Mercedes A-Class hybrid review
|Car type||Electric range||MPG||CO2|
|Plug-in hybrid||42 miles||201.7g/km||33g/km|
In common with other premium manufacturers like BMW and Volvo, Mercedes is in the process of rolling out plug-in hybrid versions of almost everything it sells, and the latest to get the PHEV treatment is the big-selling Mercedes A-Class hatchback.
It gets the model name A 250 e, in line with larger Mercedes hybrids such as the C-Class, E-Class and S-Class. It's also early to the party, with no sign yet of the planned BMW 1 Series plug-in hybrid, the upcoming second-generation Volkswagen Golf GTE or, indeed, a new Audi A3 e-tron.
But although it's facing an open goal in terms of direct competition right now, the A 250 e is impressive enough it its own right that we reckon it won't just be bought because it's the only option.
For starters, it boasts everything that makes the regular petrol and diesel A-Class variants so appealing: sharp, modern styling, a luxurious interior and some of the most advanced in-car technology on the market right now. To that combination, the A 250 e adds the promise of ultra-low running costs – particularly for the company-car users who'll account for a lot of its sales.
It uses the same 1.3-litre, 158bhp turbocharged petrol engine as the non-hybrid A 200 model, but here there's a 101bhp electric motor and a 15.6kWh battery in order to ensure significant zero-emissions running capability and a total system output of 215bhp.
Promised efficiency figures look very good on paper: a 42-mile electric range, as well as 33g/km CO2 emissions and 201.7mpg fuel economy when you use that range in full all the time. And for company-car users, the A 250 e is in the very lowest Benefit-in-Kind (BiK) band during the 2019/20 financial year.
From a home wallbox supplying electricity at 7.4kW, the A 250 e will recharge from 10 to 100% capacity in an hour and 45 minutes. And if you can locate a public DC charger (a rare sight in the UK for the moment), then you'll be able to top up from 10 to 80% in just 25 minutes.
On the road, the A 250 e's hybrid system works very well. While older plug-in hybrids have a tendency to bring the petrol engine into play a little too readily, the car stays in electric mode even under quite strong acceleration and at fairly high speeds (up to 87mph, says Mercedes). And with a 6.6-second 0-62mph time, it feels very eager, particularly from a standing start.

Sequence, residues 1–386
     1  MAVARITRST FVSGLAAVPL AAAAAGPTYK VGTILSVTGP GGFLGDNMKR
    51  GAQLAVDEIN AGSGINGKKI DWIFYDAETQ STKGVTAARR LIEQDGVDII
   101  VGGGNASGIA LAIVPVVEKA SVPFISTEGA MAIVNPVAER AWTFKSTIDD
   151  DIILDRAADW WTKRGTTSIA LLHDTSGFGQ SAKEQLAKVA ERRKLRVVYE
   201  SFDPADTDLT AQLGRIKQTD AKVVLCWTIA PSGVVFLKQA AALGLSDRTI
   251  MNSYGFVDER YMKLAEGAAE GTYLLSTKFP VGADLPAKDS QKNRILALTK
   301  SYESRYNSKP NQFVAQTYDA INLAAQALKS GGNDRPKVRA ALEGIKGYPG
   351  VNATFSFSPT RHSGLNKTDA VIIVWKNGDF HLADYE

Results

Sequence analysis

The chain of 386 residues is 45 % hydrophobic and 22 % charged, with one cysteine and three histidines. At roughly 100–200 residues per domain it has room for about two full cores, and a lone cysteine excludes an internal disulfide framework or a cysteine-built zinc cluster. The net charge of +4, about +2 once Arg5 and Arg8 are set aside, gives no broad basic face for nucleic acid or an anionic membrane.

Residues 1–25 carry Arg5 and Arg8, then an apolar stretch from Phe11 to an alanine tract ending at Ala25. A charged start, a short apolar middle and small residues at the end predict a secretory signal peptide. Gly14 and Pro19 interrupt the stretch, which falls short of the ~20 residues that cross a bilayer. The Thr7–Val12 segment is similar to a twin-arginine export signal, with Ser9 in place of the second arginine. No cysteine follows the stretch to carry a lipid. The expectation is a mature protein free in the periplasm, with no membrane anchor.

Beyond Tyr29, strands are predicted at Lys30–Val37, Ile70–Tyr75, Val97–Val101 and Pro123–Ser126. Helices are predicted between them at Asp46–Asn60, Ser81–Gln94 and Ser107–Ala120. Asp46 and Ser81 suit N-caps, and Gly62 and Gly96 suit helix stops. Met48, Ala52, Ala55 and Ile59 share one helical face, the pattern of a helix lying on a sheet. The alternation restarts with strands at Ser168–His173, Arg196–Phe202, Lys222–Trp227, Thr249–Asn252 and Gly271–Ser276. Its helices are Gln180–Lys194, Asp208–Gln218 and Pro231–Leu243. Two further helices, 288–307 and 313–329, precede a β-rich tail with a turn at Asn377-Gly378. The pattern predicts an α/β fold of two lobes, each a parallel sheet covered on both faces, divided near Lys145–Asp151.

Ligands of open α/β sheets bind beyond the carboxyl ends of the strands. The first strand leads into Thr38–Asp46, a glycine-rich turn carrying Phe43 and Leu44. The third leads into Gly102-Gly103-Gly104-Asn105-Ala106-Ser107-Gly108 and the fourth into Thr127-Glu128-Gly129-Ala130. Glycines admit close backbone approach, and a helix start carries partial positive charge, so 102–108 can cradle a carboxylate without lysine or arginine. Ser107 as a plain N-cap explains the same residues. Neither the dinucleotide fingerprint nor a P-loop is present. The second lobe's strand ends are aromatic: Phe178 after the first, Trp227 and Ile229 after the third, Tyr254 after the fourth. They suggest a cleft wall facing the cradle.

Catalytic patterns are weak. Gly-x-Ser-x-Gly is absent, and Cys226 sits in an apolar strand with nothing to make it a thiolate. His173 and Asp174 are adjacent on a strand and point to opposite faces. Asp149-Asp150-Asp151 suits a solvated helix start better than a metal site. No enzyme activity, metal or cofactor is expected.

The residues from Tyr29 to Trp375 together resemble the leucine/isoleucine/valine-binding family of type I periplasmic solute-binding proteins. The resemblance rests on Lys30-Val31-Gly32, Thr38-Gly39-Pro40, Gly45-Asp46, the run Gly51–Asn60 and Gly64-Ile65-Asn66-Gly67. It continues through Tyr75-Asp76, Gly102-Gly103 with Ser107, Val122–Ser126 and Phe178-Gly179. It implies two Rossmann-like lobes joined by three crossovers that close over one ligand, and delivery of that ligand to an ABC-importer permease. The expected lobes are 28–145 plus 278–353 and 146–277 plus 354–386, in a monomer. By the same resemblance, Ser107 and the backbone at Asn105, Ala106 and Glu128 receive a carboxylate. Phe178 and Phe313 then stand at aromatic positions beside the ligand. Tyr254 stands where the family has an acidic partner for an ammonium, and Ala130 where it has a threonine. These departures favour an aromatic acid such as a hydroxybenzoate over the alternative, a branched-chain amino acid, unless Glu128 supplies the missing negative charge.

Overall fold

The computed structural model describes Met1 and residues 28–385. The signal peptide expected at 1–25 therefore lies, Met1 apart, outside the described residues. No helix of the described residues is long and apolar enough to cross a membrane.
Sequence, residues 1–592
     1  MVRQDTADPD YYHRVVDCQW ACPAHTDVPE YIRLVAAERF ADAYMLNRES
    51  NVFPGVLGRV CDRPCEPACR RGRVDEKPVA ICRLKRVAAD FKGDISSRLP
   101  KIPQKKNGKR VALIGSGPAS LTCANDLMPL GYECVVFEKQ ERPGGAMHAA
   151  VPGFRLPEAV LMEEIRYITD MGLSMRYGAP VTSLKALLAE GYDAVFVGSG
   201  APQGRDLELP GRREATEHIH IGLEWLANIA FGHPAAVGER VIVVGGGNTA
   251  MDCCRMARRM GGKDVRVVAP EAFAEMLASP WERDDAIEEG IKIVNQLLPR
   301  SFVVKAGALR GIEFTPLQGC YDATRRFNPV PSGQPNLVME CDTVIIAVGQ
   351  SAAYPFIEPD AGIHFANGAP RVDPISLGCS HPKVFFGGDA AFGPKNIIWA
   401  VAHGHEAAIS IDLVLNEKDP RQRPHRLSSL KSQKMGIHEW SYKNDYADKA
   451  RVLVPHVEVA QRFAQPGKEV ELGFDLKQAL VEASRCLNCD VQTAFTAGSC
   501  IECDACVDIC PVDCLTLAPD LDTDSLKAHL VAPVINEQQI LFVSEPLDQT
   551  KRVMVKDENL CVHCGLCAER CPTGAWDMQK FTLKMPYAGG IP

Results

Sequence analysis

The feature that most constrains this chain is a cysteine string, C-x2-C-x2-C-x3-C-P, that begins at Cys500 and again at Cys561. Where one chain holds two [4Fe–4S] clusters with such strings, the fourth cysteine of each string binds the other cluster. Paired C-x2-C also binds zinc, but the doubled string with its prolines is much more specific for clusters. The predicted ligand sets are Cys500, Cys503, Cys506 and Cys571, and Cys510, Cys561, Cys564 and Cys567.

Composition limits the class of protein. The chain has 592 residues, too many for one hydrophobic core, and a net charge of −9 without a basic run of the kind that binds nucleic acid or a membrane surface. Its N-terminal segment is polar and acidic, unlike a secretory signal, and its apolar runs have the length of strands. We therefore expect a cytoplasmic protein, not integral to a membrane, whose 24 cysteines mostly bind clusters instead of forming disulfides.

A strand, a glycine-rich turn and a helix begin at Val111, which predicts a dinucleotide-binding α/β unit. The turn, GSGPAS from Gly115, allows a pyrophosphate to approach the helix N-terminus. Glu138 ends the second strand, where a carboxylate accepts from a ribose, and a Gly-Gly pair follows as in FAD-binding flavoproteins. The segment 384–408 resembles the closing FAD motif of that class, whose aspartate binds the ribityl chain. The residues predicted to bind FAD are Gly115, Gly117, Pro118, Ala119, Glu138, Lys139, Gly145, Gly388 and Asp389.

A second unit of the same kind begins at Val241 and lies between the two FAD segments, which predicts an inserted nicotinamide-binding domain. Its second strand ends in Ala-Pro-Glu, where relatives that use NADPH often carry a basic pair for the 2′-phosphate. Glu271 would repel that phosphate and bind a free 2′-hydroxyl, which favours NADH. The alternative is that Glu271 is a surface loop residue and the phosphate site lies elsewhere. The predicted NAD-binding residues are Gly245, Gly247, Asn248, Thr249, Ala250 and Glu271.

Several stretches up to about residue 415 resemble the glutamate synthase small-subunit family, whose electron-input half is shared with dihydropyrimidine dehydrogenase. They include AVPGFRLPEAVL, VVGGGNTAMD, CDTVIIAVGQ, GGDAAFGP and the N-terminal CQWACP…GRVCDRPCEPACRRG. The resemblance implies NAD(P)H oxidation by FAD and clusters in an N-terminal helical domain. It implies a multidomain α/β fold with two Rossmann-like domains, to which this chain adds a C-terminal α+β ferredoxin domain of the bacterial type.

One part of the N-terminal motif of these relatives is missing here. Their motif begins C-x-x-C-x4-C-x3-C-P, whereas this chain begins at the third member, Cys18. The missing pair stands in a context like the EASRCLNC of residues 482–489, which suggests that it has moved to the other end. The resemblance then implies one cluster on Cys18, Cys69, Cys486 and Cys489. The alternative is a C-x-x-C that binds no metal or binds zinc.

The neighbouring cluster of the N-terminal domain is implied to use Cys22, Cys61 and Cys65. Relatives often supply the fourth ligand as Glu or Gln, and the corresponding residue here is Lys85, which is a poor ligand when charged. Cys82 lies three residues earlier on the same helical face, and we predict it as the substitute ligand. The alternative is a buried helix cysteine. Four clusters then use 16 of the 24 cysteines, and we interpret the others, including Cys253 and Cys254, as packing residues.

Of course, there's a bit of a weight penalty to pay for the addition of the hybrid battery (in the region of 150kg), but while a keen driver on a twisty backroad may notice a slight loss of agility, it's not going to be felt when cruising down the motorway or crawling around town.
On the downside, when you do have to call on the combustion engine, you'll immediately notice its harsh and thrashy character, which seems a bit at odds with the Mercedes image. Also less than ideal is ride quality: it's never overly harsh, but some rivals – such as the Volkswagen Golf – do better in this regard.
Drivers can select from one of four driving modes in the A 250 e: Electric, Comfort, Sport and Individual. As the name suggests, Electric prioritises zero-emissions running, Comfort aims to blend the motor and engine for the most efficient overall running, Sport keeps the engine on to give you maximum power and Individual allows you to set certain parameters to your own taste.
Regenerative braking is offered in Electric mode, and its strength can be adjusted using paddles on the back of the steering wheel. One niggle is that in Comfort mode, the same paddles are used to operate the gearbox, which can cause the engine to start up when you didn't intend it to.
Exact UK specifications for the Mercedes A 250 e haven't been issued yet, but it's believed that AMG Line will be the default trim level, bringing a smart-looking bodykit, along with sports suspension and large wheels that won't do the ride quality any favours.
On the plus side, that trim also includes privacy glass, sports seats, LED lights, dual-zone climate control and keyless entry. Familiar option packs will also be offered, giving owners the ability to spec features such as larger infotainment screens, AR (augmented reality) satellite navigation and a panoramic glass roof.
We don't have an exact UK price for the A 250 e yet, either, but it's expected to come in at around £32,500 – or about £3,500 more than the petrol A 200. We think it's a premium many will be willing to pay in order to enjoy those very low running costs along with the prestige of the three-pointed-star badge up front.